While several new rules for children's products have already taken effect, many are yet to come. Since enactment of the CPSIA, the CPSC continues (almost weekly) to roll out new rules and regulations. The month of August 2009 will be no exception, during which three significant changes are scheduled to take effect:
Product Tracking Labels: Effective August 14, 2009, all manufacturers and importers must place permanent, distinguishing marks on children's products and their packaging to enable the end-purchaser to determine (1) the name of the manufacturer or private labeler, (2) the location of production, and (3) the date of production along with cohort information (including the batch, run number, or other identifying characteristic). Recently, the CPSC rejected industry requests to stay enforcement of the tracking label requirement and, on July 21, 2009, issued guidance on interpretation of the new rule. According to the CPSC, a required "permanent" mark is "a mark that can be reasonably expected to remain on the product during the useful life of the product." All product tracking information need not be marked in one discrete location (or on one label) and the CPSC will instead evaluate the totality of information permanently marked on the product or package. Under certain circumstances, manufacturers will be permitted to mark only the packaging and not the product (e.g. if a product is too small to be marked). As to initial enforcement, the CPSC indicates that it may not seek penalties for inadvertent omissions of marks if a company can show good-faith efforts to comply with the rule.
Product Warnings in Advertising: Under the Federal Hazardous Substances Act, the packaging for certain toys and games is required to contain warnings regarding choking hazards. The CPSIA requires that any advertising that provides a direct means of purchase for these products must also contain an appropriate warning. Advertising "providing a direct means of purchase" includes (1) hard-copy product catalogs and other printed materials that contain order blanks, telephone numbers or fax numbers for placing orders, and (2) Internet Web sites that enable consumers to purchase a product online or through the use of a telephone or fax number. Under the new rule, when a product's packaging requires a warning, the advertising for the product must also bear an appropriate warning. CPSC regulations set forth specific requirements for layout, type, language, color and placement of the warnings. The warnings requirement for advertisements in catalogs and other printed materials becomes effective on August 9, 2009. Internet sites were required to be compliant by December 12, 2008.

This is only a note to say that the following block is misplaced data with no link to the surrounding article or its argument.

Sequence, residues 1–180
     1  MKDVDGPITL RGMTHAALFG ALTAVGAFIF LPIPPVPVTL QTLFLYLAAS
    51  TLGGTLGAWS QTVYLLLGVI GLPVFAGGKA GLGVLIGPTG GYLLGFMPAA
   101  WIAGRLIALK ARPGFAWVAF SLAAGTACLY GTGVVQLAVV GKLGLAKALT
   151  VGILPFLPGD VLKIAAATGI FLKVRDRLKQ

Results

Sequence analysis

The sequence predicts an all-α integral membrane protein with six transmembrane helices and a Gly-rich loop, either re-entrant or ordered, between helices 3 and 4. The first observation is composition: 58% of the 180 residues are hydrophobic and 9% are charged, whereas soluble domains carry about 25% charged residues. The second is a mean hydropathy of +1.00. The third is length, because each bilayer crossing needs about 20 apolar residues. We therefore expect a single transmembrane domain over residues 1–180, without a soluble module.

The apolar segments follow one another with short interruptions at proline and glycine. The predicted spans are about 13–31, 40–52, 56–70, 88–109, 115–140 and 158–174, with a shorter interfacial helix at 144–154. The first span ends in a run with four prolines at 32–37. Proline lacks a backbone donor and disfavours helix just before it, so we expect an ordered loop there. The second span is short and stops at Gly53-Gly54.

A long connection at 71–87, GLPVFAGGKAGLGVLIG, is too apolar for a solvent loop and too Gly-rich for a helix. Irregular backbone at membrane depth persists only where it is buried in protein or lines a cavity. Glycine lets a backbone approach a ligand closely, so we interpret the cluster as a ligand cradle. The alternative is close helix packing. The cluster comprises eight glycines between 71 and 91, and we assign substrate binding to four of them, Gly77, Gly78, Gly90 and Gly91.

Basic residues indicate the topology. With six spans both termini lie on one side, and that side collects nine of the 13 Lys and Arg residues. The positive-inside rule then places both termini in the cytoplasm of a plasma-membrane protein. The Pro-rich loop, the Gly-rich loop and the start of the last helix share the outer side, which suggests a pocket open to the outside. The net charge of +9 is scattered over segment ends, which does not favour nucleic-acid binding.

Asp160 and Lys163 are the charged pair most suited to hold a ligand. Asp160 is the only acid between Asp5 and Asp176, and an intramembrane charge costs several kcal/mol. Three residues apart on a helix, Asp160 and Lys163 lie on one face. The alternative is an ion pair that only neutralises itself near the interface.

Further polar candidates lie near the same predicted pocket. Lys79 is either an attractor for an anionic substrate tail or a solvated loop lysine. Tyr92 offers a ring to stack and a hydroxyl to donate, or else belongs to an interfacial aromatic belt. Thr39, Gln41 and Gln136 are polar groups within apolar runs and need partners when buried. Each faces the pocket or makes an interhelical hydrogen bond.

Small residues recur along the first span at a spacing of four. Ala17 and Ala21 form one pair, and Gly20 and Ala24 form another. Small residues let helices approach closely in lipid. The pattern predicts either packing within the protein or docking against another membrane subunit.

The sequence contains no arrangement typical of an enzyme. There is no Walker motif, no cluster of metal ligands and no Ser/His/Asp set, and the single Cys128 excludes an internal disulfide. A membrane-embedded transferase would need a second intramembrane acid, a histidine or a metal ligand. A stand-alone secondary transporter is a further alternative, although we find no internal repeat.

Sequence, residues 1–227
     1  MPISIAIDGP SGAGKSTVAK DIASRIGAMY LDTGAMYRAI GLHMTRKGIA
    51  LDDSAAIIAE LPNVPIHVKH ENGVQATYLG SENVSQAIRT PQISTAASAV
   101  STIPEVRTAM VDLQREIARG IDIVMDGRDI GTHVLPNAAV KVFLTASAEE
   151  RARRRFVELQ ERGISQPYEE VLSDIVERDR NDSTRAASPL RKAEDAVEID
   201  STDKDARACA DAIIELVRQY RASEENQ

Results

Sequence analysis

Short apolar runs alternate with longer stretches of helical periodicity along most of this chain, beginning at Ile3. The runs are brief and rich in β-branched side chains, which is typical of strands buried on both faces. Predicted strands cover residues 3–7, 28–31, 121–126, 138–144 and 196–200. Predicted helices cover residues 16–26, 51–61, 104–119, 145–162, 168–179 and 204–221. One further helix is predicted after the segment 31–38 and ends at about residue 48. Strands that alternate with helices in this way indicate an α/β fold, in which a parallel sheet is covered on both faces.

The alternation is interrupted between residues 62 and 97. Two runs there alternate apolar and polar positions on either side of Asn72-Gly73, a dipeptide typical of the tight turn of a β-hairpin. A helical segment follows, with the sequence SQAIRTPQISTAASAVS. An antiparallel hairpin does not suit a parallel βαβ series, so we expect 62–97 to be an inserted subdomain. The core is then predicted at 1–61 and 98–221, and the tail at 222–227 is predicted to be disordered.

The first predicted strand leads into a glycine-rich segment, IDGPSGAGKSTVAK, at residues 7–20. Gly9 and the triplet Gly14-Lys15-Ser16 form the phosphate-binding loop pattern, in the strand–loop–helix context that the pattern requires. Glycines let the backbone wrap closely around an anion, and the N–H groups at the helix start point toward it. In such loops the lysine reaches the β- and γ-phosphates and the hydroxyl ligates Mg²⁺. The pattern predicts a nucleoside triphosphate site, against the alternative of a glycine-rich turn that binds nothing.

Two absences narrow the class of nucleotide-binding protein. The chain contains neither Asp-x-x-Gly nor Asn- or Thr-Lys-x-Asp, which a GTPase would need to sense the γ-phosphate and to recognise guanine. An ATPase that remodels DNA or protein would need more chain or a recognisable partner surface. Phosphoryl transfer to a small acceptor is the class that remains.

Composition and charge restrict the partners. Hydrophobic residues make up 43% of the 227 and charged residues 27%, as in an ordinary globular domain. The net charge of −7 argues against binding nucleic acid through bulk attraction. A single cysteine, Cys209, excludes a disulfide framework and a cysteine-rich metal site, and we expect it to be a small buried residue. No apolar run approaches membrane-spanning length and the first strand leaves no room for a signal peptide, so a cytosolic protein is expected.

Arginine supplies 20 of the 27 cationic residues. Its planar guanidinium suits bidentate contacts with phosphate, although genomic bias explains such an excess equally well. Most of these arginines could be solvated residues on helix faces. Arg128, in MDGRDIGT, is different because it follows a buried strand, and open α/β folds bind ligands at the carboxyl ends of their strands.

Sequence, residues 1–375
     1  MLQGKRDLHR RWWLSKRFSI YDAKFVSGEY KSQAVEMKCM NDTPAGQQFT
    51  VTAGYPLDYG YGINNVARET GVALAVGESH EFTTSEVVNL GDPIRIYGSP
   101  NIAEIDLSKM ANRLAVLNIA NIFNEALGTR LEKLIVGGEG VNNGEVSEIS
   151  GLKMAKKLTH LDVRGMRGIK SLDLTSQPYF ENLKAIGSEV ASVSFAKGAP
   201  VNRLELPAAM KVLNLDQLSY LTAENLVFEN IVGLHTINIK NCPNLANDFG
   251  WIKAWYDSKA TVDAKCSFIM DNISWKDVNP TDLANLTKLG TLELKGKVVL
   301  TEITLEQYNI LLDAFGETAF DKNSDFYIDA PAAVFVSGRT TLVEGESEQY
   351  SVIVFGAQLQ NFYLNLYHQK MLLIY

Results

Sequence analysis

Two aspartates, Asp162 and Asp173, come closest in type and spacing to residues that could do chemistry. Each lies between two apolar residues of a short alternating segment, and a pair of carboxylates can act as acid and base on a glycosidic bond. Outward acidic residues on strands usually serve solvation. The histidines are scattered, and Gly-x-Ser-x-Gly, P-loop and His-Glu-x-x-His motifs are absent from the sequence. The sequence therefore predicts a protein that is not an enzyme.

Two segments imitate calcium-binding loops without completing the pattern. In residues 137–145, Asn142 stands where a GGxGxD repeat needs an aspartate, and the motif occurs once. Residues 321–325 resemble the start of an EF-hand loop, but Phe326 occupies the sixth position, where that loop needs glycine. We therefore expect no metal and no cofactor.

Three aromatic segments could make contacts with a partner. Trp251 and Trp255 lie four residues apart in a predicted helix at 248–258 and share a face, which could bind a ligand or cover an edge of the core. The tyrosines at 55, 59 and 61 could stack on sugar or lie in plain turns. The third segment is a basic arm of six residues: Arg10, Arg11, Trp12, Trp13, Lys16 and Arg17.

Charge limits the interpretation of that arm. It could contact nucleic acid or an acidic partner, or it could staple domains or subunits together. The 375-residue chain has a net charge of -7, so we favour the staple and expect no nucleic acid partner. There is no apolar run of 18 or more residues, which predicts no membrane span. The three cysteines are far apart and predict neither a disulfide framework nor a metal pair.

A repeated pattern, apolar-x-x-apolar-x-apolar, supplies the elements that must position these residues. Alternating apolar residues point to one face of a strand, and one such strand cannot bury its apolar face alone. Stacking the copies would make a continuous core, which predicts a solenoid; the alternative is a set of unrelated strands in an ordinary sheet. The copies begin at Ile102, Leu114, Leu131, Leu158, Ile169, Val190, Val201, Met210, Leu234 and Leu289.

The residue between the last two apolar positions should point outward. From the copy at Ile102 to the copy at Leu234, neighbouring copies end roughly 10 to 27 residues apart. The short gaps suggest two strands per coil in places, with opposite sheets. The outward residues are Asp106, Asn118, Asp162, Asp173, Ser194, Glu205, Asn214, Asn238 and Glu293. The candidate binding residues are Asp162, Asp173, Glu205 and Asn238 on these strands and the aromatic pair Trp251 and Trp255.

Lower Lead Limits: Effective August 14, 2009, the total lead content limit for children's products will drop to 300 ppm. The limit for lead paint surface coatings will drop to 90 ppm.
In addition to issuing new child-safety regulations, the CPSC has recently sent the clear message that it will aggressively enforce its rules. From April through July 2009, the CPSC issued record-high civil penalties totaling more than $5.1 million against manufacturers, importers and sellers of children's products for violation of child safety rules. Because of the CPSC's stepped-up enforcement efforts, it is especially important for manufacturers, importers, distributors and retailers to become informed about the CPSIA, determine which requirements apply to their products and timely implement any necessary changes.
Warner Norcross & Judd's Consumer Product Safety Group is actively advising clients regarding CPSIA interpretation and compliance. Members of the group have represented clients in CPSC matters for nearly 30 years and routinely counsel clients in all areas of consumer product regulatory compliance. The group represents manufacturers, distributors and retailers in reporting to the CPSC under Sections 15 and 37, conducting product recalls and defending CPSC enforcement actions. A substantial portion of the group's practice is also devoted to helping clients take proactive measures to minimize risk and avoid costly recalls and enforcement actions. The group frequently advises clients regarding product development and testing, product safety policies, recall procedures, product warnings and instructions, document control and product advertising. If a recall becomes necessary, members of the group have the depth of knowledge and experience with the CPSC necessary to achieve the best possible results. Members of the group have prepared, negotiated and conducted small and large-scale recalls involving all types of consumer products, including furniture, appliances, electrical components, crafts, toys and other children's products. In a landmark CPSC action, WNJ attorneys organized and negotiated one of the nation's largest consumer product recall programs involving the entire U.S. household furnace and boiler industry along with manufacturers of plastic vent pipes. Regardless of the size of the project or client, WNJ's Consumer Product Safety Group is committed to offering unparalleled CPSC regulatory expertise, client service and cost-effective solutions. If you have questions about the CPSIA or other product regulation issues, please contact Chris Predko, chair of the Consumer Product Safety Group, at 616.752.2190 or email@example.com.